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December 10, 2009

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Train drivers win damages for hand disability

Three train drivers have won a right to compensation after they

developed Carpal Tunnel Syndrome (CTS) in the course of their work.

The judgement, which was handed down last week at Swansea County Court, could set a precedent for other train drivers across Britain to claim compensation for the industrial injury, which leaves victims with permanently disabled hands.

Paul Studholme, Gary Thomas and Barry Rogan all contracted CTS — often caused by pressure on a nerve in the wrist, resulting from repetitive wrist action — while working at the Carmarthen Depot of Arriva Trains Wales. They drove model locomotives throughout south Wales.

According to their union, ASLEF, Arriva Trains Wales initially denied liability, claiming the injuries were not caused by work. ASLEF then instructed Thompsons Solicitors to pursue compensation claims through the courts, arguing the symptoms were caused by: repetitive work, adopting awkward wrist postures, and operating brake and power controls in cramped conditions. Union members had complained of poor-quality seats, with little or no adjustment and no arm rests.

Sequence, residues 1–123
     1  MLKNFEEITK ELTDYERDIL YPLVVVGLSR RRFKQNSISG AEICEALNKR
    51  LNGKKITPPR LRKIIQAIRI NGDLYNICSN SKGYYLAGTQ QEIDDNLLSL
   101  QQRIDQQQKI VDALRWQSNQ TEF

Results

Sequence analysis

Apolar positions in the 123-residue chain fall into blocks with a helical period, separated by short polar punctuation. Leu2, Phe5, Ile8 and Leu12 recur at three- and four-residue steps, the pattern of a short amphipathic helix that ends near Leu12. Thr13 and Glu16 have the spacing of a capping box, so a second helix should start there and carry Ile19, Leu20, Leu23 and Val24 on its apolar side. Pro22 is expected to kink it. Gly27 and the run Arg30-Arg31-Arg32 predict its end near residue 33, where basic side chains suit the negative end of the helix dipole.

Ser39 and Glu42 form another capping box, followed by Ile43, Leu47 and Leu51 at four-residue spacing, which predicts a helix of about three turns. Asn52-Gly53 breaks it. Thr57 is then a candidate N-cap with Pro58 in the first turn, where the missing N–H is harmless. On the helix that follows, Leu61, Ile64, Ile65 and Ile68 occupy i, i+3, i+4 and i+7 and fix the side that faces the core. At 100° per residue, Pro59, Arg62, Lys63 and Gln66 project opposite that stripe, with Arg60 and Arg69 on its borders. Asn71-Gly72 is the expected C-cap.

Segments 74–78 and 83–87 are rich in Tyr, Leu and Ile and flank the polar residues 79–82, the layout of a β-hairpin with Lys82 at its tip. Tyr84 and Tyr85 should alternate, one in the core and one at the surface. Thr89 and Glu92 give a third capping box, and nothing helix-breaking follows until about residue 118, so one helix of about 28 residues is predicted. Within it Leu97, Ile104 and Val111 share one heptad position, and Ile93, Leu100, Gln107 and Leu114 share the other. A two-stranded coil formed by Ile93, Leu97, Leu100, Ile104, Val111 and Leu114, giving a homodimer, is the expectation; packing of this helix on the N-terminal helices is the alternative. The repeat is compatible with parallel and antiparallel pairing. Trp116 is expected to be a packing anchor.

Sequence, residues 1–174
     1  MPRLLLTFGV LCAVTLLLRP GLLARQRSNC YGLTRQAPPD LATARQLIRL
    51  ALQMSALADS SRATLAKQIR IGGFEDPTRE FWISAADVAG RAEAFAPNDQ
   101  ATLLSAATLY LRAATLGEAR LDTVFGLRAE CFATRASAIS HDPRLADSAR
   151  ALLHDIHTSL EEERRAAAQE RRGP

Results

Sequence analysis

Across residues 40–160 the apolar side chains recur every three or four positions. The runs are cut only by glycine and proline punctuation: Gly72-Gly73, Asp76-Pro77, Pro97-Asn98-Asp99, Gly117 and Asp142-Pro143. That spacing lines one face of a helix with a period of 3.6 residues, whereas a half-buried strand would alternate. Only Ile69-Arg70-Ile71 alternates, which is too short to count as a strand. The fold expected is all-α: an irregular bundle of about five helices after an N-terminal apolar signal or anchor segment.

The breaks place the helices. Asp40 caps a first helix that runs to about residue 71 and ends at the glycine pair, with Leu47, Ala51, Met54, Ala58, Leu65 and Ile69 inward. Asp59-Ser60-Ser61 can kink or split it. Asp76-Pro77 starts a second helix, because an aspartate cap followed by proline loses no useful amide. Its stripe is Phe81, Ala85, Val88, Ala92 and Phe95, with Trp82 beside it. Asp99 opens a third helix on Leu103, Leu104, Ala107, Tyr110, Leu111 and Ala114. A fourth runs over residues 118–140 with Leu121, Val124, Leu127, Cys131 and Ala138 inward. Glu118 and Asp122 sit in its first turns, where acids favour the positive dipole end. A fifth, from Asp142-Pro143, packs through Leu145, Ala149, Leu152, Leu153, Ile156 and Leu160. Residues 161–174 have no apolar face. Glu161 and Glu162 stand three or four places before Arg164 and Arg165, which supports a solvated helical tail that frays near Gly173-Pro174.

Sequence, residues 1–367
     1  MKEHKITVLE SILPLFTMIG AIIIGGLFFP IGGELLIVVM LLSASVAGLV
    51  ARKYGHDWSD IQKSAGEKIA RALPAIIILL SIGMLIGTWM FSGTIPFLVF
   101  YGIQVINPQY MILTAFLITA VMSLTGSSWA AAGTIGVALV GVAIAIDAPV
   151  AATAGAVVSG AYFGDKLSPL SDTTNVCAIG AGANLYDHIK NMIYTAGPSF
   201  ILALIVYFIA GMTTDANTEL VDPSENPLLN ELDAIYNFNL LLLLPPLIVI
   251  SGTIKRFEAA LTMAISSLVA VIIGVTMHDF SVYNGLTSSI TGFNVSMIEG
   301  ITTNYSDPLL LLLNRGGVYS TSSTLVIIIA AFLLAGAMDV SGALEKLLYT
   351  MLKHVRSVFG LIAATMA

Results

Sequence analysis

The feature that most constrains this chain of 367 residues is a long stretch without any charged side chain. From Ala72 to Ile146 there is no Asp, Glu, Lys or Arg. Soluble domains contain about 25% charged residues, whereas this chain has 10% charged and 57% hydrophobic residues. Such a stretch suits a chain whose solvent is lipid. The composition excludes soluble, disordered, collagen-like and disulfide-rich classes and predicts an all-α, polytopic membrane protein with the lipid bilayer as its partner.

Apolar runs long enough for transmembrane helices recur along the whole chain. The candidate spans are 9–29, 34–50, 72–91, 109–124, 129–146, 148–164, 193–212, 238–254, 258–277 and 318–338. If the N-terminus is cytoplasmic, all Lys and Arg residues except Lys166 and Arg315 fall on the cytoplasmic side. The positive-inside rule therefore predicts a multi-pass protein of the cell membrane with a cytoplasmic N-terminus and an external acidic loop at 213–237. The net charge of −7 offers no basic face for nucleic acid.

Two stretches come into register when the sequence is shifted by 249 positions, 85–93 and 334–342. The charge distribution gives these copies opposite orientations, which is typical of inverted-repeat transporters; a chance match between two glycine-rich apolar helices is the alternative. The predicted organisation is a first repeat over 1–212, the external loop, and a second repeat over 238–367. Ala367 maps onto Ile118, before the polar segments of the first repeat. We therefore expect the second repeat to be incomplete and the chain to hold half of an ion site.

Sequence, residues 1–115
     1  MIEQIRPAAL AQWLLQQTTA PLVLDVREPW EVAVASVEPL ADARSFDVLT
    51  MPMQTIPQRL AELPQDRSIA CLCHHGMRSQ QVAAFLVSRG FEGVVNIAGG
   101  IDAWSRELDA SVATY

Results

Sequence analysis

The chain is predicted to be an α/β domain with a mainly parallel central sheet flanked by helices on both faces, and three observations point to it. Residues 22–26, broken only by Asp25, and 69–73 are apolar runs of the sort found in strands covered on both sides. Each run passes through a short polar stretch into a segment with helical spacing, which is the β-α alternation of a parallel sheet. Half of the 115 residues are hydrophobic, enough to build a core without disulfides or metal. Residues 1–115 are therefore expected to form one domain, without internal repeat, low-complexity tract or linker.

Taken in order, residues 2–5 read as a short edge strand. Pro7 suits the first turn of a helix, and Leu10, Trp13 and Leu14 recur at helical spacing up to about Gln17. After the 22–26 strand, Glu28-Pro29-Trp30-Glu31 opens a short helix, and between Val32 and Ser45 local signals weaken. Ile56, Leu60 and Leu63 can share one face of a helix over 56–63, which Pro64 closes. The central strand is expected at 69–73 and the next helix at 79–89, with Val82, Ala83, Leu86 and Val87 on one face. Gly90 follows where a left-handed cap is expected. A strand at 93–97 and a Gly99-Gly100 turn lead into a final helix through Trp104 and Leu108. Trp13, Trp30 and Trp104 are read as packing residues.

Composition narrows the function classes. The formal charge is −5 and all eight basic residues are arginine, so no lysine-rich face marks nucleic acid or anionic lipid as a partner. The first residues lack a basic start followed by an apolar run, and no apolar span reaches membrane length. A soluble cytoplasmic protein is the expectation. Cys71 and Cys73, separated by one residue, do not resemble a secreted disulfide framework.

Paul Studholme, 43, began suffering from CTS in 2004 and took more than ten months off work as a result of his condition. After the judgement he said: “It is a great relief that the judge has supported our argument. CTS forced me to go on the sick for a number of months and, as a result, I became depressed. The fact that three of us in the same depot all developed this condition shows that more should have been done to improve our working conditions.”

ASLEF’s general secretary, Keith Norman, added that the ruling sets a precedent for train drivers across the country, who suffer from CTS.

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